- Currently 100
Other name(s): Grey Back Goose; Greyback Goose
Scientific name: Anser anser domesticus
Country / Place of origin: Europe
History: Pied geese such as the Buff Back have been noted in history for centuries. Their exact origins and original breeding are not clear.
Current Uses: Meat, eggs, and weed control.
Appearance: The Buff Back Goose is mostly white with contrasting buff or tan on the head, neck, shoulders, thighs, and lower back. They have an orange beak and legs and blue eyes. To distinguish the Buff Back Goose from other similar breeds such as the Pomeranian take a look at their “paunch” or vent area. It should be double lobed in the Buff Back. Grey Backs have a white and grey color pattern, a variation of the Buff Back Goose.
Average weight: 15 - 22 lbs.
Lifespan: 25 - 30 years
Diet: Geese are much herbivorous than their smaller duck cousins. If they have access to natural plants such as grasses, duckweed, and dandelions then they will only need supplemental foods. They can be given a waterfowl pelleted diet (make sure it is un-medicated), dark leafy greens, and some shredded fruits and vegetables. There are waterfowl pelleted diets that are available for each life stage of your pet goose.
Housing: The basic necessities for a happy and healthy goose habitat, beyond providing land and water, is that is be easy to keep dry and clean, predator proof, and have protection from the elements both day and night. The amount of space needed for each goose will depend on how often you will be cleaning the area and how much will remain dry at all times. For example: a 200 square foot space will need regular raking to remove droppings and need to be kept nearly 100% dry while still giving space to a pool. It may be helpful in small spaces to have multiple yards so that geese can rotate yards. In larger pastures no clean up is necessary. Ponds or pools will also need to be kept perfectly clean. This can be done by designing a pond that has continuous water flowing in and out, filtering, and/or daily draining. Their night house needs to have a minimum of 5 square feet of floor space for each goose. Bedding can be straw or pine shavings and need to be kept dry and clean. This will mean daily remove of soiled bedding. Make sure their night house also has good ventilation.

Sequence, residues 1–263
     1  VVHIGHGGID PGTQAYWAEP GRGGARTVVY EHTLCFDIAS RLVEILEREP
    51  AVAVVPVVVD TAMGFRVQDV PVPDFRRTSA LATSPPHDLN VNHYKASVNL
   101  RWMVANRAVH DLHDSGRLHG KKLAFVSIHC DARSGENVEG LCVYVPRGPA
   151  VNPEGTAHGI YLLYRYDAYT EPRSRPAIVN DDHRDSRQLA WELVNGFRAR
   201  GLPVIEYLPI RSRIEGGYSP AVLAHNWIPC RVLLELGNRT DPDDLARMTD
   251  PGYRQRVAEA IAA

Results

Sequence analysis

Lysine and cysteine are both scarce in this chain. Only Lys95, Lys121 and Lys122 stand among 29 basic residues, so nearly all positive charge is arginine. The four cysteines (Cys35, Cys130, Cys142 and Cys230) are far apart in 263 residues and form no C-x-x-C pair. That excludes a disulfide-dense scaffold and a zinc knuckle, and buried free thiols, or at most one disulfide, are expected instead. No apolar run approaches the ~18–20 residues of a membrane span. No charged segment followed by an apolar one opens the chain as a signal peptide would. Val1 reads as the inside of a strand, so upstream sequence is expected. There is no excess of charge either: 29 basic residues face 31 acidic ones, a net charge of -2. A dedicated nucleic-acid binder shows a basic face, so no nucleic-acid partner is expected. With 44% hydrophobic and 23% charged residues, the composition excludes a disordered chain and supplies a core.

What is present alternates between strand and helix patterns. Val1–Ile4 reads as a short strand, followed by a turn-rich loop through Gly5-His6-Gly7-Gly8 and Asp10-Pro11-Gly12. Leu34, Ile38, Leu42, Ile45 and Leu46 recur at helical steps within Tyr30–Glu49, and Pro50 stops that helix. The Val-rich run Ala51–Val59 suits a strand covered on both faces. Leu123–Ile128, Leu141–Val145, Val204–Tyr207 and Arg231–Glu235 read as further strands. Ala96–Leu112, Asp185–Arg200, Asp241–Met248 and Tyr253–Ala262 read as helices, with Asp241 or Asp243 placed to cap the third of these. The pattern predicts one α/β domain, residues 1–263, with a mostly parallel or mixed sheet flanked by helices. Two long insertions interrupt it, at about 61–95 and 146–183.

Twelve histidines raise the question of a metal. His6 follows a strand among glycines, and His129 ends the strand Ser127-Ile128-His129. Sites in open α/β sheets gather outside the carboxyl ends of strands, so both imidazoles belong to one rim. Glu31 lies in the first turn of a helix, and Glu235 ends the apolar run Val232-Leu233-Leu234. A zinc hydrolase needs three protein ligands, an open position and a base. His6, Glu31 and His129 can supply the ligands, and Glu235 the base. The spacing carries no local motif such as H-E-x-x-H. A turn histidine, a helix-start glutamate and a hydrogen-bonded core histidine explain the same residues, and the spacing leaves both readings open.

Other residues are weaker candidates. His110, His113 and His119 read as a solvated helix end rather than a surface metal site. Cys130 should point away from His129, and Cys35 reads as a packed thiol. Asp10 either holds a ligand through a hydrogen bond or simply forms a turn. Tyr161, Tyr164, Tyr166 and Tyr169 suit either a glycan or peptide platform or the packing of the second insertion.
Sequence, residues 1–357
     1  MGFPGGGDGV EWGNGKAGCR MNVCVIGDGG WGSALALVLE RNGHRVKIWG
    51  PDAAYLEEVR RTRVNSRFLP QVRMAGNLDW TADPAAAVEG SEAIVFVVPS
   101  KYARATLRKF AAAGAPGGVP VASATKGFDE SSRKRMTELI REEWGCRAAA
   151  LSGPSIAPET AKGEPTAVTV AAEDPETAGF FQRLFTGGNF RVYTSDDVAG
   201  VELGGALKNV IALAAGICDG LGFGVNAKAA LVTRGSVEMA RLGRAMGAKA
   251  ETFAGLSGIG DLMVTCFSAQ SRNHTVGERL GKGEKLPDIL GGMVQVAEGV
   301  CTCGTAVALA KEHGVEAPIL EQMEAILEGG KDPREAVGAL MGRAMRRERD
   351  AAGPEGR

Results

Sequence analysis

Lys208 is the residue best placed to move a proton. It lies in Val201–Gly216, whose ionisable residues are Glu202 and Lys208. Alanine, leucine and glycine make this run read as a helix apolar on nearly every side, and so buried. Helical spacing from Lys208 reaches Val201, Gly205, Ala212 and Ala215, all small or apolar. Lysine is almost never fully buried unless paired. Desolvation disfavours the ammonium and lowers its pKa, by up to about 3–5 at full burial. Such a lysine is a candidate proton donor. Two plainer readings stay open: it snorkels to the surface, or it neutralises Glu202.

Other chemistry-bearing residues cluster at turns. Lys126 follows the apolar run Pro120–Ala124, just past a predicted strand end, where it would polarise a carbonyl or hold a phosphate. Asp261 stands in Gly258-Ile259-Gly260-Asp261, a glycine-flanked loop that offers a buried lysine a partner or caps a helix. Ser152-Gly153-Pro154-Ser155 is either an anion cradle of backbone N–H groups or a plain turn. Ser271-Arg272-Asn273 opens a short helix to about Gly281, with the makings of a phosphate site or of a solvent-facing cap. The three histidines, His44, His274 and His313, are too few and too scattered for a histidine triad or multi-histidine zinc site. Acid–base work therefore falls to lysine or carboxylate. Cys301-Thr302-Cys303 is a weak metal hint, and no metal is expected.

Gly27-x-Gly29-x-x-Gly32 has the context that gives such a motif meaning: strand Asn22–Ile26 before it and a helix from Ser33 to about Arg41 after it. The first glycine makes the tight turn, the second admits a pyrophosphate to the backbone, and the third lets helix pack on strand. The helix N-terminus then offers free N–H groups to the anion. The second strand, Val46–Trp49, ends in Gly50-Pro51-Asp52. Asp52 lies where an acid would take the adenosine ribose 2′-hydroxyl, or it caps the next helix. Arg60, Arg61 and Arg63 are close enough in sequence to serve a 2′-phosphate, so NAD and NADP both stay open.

Health issues: There are several health conditions common to geese that owners need to be aware of. Most can be prevented with good care. From their eating habits they can easily get internal parasites and may need regular deworming. Botulism is another disease that duck owners should be aware of. Botulism outbreaks occur around muddy and wet areas with decaying matter when the days and nights are hot. Botulism toxicity causes paralysis, starting in the legs and moving up the body to the head, and can lead to dead. The only treatment is to support the goose with lots of regular fluids via tubing to flush their system of the toxin. Botulism can be prevented by keeping their living areas free of mud and rotting debris that attracts flies. With a proper living environment and good vet care geese can often live long healthy lives.
Behavior / Temperament / Activity level: These geese have a lot of character and charm.